.
.
The Remorse of the Dead
Remords Posthume
A Poem From Les Fleurs du Mal (The Flowers of Evil)
By Charles Baudelaire (1821-1867)
A Study Guide
Cummings Guides Home..|..Contact This Site
.
Type of Work
Poem in French
Prose Translation
Poem in English
Themes
Verse Format
Rhyme Scheme
Figures of Speech
Study Questions
Writing Topics
Biography of Baudelaire
Index of Study Guides
.
Study Guide Prepared by Michael J. Cummings...© 2011
.
Type of Work and Publication

.......Charles Baudelaire's "The Remorse of the Dead" is a French lyric poem. The Paris firm of Poulet-Malassis and de Broisse first published it 1857 as one of more than one hundred thematically related poems in the first edition of Baudelaire's, Les Fleurs du Mal (The Flowers of Evil). The poem appeared under its original French title,"Remords Posthume," in a section entitled "Spleen et Idéal" ("Spleen and the Ideal"). 
.......Les Fleurs du Mal was one of the most influential and controversial works of the nineteenth century. Among the themes are beauty and ugliness in life, boredom, death, disillusionment and despair, the role of the poet, and cultural decadence. The book frequently uses symbols to represent themes and ideas. After Baudelaire published the first edition of the poems in 1857, a court decreed that several of them were obscene and blasphemous. He had to remove six poems before publishing the second edition. 

Remords Posthume
Par Charles Baudelaire

Lorsque tu dormiras, ma belle ténébreuse,
Au fond d'un monument construit en marbre noir,
Et lorsque tu n'auras pour alcôve et manoir
Qu'un caveau pluvieux et qu'une fosse creuse;

Quand la pierre, opprimant ta poitrine peureuse
Et tes flancs qu'assouplit un charmant nonchaloir,
Empêchera ton coeur de battre et de vouloir,
Et tes pieds de courir leur course aventureuse,

Le tombeau, confident de mon rêve infini
(Car le tombeau toujours comprendra le poète),
Durant ces grandes nuits d'où le somme est banni,

Te dira: «Que vous sert, courtisane imparfaite,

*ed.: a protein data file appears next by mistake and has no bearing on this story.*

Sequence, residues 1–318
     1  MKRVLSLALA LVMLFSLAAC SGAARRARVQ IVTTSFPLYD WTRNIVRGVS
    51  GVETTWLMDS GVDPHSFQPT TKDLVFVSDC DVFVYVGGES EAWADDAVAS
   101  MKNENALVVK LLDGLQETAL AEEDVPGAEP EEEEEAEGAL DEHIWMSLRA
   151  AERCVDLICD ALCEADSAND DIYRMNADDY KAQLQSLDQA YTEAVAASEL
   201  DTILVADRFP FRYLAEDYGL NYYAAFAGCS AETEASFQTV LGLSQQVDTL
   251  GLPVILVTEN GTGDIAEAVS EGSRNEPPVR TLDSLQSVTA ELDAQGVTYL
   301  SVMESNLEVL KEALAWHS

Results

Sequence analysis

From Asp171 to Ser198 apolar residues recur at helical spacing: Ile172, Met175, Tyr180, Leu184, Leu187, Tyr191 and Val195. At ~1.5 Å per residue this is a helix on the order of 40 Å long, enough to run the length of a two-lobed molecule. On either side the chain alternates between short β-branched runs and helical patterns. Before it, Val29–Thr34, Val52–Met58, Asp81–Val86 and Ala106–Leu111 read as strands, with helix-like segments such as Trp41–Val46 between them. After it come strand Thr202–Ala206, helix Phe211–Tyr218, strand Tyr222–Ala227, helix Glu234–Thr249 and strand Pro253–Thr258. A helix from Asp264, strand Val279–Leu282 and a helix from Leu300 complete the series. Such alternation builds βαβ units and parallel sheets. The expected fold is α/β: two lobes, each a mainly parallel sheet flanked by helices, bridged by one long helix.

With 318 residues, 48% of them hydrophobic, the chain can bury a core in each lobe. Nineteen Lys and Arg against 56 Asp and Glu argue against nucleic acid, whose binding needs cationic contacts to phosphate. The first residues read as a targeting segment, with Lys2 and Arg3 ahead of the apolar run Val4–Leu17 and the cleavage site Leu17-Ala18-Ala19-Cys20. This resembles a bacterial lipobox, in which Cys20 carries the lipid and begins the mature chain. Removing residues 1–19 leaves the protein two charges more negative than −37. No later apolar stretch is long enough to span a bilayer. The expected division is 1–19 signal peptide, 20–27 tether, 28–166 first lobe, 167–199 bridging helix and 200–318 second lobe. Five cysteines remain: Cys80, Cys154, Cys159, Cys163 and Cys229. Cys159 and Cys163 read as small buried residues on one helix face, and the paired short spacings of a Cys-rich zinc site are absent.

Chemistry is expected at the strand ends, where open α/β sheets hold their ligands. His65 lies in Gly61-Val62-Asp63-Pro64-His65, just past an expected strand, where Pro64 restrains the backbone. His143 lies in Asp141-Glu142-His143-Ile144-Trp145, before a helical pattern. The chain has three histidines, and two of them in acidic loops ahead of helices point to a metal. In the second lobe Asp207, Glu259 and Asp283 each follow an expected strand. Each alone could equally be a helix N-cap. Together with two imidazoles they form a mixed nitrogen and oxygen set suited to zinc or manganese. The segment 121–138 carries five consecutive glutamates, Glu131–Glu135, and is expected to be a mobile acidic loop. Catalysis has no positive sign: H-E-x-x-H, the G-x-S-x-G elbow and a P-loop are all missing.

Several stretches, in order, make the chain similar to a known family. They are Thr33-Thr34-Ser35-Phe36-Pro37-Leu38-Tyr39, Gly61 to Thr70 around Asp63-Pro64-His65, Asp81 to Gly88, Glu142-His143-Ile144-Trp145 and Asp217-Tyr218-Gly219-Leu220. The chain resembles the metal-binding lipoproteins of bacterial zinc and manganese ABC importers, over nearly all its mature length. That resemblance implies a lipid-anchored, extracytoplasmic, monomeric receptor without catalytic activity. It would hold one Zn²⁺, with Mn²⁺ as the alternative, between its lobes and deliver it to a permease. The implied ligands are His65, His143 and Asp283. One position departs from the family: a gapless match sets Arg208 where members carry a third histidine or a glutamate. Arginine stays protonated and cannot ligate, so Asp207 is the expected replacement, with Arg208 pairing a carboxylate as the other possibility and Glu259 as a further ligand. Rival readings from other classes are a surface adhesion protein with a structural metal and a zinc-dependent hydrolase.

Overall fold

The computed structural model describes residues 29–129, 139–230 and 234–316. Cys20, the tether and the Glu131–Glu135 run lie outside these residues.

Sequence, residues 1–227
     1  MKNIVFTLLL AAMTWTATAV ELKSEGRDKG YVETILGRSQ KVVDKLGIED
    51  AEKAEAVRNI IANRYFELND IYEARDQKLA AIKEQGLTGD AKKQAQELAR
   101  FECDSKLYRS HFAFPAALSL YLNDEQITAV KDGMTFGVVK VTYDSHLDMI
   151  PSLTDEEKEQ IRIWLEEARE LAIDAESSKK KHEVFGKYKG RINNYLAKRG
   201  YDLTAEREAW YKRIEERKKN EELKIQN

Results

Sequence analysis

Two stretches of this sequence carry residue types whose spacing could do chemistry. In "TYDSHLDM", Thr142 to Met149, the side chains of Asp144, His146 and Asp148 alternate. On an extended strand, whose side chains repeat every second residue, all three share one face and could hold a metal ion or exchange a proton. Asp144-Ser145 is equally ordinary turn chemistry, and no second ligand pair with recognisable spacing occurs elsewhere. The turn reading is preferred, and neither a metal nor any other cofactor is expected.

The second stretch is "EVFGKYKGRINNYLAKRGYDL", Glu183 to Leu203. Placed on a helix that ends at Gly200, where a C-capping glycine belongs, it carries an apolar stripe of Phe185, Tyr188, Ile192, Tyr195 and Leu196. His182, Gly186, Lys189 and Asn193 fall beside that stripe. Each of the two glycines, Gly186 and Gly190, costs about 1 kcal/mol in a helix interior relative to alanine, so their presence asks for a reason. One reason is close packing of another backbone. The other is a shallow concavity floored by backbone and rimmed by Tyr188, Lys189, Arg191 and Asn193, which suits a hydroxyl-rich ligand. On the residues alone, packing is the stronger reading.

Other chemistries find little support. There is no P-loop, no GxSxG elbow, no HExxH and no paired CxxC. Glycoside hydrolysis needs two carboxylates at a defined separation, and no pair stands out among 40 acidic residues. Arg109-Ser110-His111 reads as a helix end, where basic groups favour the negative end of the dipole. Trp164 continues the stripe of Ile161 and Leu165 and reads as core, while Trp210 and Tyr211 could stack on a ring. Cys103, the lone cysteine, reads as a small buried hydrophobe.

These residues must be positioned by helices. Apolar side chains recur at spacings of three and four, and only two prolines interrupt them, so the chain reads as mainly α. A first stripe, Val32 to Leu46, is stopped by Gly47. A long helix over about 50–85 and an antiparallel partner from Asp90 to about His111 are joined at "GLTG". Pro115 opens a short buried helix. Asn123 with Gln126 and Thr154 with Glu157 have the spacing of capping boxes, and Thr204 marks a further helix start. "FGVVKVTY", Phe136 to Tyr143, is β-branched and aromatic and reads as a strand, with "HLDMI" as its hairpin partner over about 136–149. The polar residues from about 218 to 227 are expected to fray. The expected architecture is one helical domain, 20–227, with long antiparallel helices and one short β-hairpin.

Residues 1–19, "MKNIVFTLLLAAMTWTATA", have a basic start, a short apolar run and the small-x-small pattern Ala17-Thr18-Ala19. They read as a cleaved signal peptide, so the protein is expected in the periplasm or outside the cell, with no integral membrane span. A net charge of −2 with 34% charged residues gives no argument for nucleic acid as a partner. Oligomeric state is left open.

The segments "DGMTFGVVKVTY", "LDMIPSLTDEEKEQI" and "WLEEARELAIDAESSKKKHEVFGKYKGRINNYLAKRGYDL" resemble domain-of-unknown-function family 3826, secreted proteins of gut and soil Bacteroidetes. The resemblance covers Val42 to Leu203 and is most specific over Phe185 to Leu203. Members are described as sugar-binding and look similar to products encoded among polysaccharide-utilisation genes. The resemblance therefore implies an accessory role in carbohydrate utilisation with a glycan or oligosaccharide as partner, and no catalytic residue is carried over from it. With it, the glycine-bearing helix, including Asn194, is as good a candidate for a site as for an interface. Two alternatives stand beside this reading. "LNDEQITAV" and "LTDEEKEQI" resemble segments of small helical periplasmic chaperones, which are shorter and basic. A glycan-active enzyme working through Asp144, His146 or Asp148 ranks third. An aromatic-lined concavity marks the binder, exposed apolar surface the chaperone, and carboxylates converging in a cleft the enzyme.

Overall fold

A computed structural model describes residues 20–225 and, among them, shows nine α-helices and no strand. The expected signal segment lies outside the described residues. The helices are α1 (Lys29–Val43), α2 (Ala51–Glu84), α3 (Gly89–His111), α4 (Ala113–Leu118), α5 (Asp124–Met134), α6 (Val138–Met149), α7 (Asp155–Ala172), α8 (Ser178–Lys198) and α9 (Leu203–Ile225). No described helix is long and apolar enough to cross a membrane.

De n'avoir pas connu ce que pleurent les morts?»
— Et le ver rongera ta peau comme un remords.

Prose Translation
By Michael J. Cummings

.......The speaker addresses a woman as if she were present. He tells her the following.

.......One day you will sleep, my dark beauty, under a monument of black marble. For your bedroom and country house, you will have a damp coffin in a deep grave. The stone will press down on your shuddering breast and cold thighs, and it will arrest the beat of your heart and the exercise of your will. Moreover, it will keep your feet from running their wayward course.
.......The tomb—privvy to all my endless dreams (because the tomb and the poet have always been good friends)—will say to you during your eternal sleepless night: "What folly it was for you, imperfect courtesan, not to have learned while you were living why the dead weep."
.......Then you will learn that lesson as the worm of remorse gnaws at your breast.

English Version of the Poem

Translated by Lewis Piaget Shanks
Flowers of Evil
New York: Ives Washburn, 1931

when thou wilt sleep, dark girl of shadowy gaze,
down in the cold black marble of a tomb,
a dripping vault thine only tiring-room,
thine only bed a grave where all decays,

when rock shall press thy paling breast and graze
thy limbs now languorous-lovely in the gloom
—shall crush thy faltering heart, thy will consume
and halt thy feet in their adventurous ways,

the Grave, that knows what infinite dreams I keep,
(o Grave, the poet's friend forever, thou!)
all through the night bereft of exiled sleep,

shall ask: "art sorry, wretched wanton, now,